typhoons Nona and Onyok failed to dampen the spirit of newly-crowned Miss Earth
2015 Angelia Ong, the EcoWaste Coalition and over 1,000 students in promoting a
safe and non-toxic way of heralding the New Year sans dangerous and polluting
In partnership with the school administration led by principal Gloria Huera,
the EcoWaste Coalition today conducted its “Iwas-Paputoxic” drive at
the Qurino Elementary School (QES) in Quezon City with about 1,500 students and
teachers in attendance.
“All firecrackers are totally unfit for kids like you because they are
extremely dangerous,” Aileen Lucero, Coordinator of the EcoWaste Coalition told
the students gathered at the school’s covered
“Firecrackers are not your regular toys that you can safely play with. In
fact, firecracker accidents are common resulting to physical injuries and even
deaths. From 2000 to 2014, the DOH had recorded over 10,000 cases of
firecracker-related injuries from damaged eyesight to severed fingers, as well
as some fatalities,” she said.
The annual event, now on its 9th year, complements the
“Iwas-Paputok” program of the Department of Health (DOH), and is undertaken to
raise public awareness on the risks and hazards posed by firecrackers to life,
limb and property, as well as to the ecosystems.
During the event, beauty queen Angelia Ong joined EcoWaste Coalition’s leaders
and DOH officials led by Dr. Enrique Tayag, Director, Bureau of Local Health
Systems Development and Dr. Mario Baquilod, Director, Bureau of Disease
Prevention and Control, as well as representatives of the Philippine National
Police and the Bureau of Fire Protection in urging the students to shun
firecrackers for their safety and well-being.
In response, QES students together recited a “Panata” (pledge) “to celebrate
Christmas and welcome the New Year in a clean and safe manner that will not
cause injury to ourselves, our fellow beings and to Mother Earth.”
To demonstrate a safe and non-toxic way of ushering in 2016, QES students held
a countdown to the New Year that was capped with a lively noise barrage. Using alternative noisemakers fashioned out
of household items and recyclable junks, the students created a mixture of
sounds to everyone’s delight.
Among the substitute noisemakers that the children played with gusto were the
used can maracas mounted on a wooden handle; tambourine consisting of bottle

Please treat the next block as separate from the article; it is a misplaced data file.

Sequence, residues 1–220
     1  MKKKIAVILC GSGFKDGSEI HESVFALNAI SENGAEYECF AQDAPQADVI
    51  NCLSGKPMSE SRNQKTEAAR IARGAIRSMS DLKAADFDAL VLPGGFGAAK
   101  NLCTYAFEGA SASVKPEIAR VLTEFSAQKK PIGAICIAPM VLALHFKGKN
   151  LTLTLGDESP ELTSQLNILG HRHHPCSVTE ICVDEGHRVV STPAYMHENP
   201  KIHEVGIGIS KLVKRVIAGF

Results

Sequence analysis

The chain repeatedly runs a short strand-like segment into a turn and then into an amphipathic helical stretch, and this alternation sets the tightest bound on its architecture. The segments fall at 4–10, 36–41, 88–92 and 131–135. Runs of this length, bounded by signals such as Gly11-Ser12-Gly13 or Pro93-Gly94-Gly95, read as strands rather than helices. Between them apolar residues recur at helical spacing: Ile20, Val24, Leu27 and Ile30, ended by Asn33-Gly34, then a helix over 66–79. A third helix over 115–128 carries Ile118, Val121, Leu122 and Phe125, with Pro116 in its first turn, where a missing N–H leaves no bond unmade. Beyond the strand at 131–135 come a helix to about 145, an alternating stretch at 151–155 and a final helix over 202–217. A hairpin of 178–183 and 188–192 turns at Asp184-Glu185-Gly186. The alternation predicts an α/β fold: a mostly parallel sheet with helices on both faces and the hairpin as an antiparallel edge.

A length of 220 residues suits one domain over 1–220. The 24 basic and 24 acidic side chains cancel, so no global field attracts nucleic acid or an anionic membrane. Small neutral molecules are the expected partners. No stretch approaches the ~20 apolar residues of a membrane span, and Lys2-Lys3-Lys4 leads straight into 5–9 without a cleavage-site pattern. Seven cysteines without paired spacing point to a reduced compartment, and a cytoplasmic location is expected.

caps; shakers made out of plastic bottles; pots and pot lids; and torotot
(trumpet) crafted from recycled materials.
They also performed a dance number to the tune of “Fantastic Baby” by the K-Pop
band “Big Bang” as a way of ushering in the New Year without creating toxic
and fireworks are also toxic. They are made by combining different
chemicals such as potassium nitrate, sulphur, carbon, barium, copper and lead,
to name a few, to produce heat and color. The firecracker blast
yields toxic fumes, including carbon dioxide, a greenhouse gas that is bad for
human health and the climate,” she said.
“Aside from the toxic smoke and smog, firecracker explosion generates lots of
hazardous wastes that cannot be reused nor recycled, adding to the mountains of
post-New Year revelry trash that have to be disposed of,” she added.
Instead of spending for dangerous, toxic and dirty firecrackers, the EcoWaste
Coalition insisted that hard-earned money should be wisely spent to buy food
for the Noche Buena and other necessities, as well as for helping poor and
needy people in our midst.
The EcoWaste Coalition’s “Iwas-Paputoxic” event held every December before the
Christmas break was first conducted at Krus na Ligas Elementary School in
Quezon City in 2006 and every year thereafter.
The schools that had participated in past “Iwas-Paputoxic” events include the
Esteban Abada Elementary School (2007), Claret School (2008), Marcelo H. del
Pilar Elementary School (2009), Kamuning Elementary School (2010), Pinyahan
Elementary School (2011), Cubao Elementary School (2012), Commonwealth
Elementary School (2013) – all in Quezon City- and Fernando Ma. Guerrero School
in Manila (2014).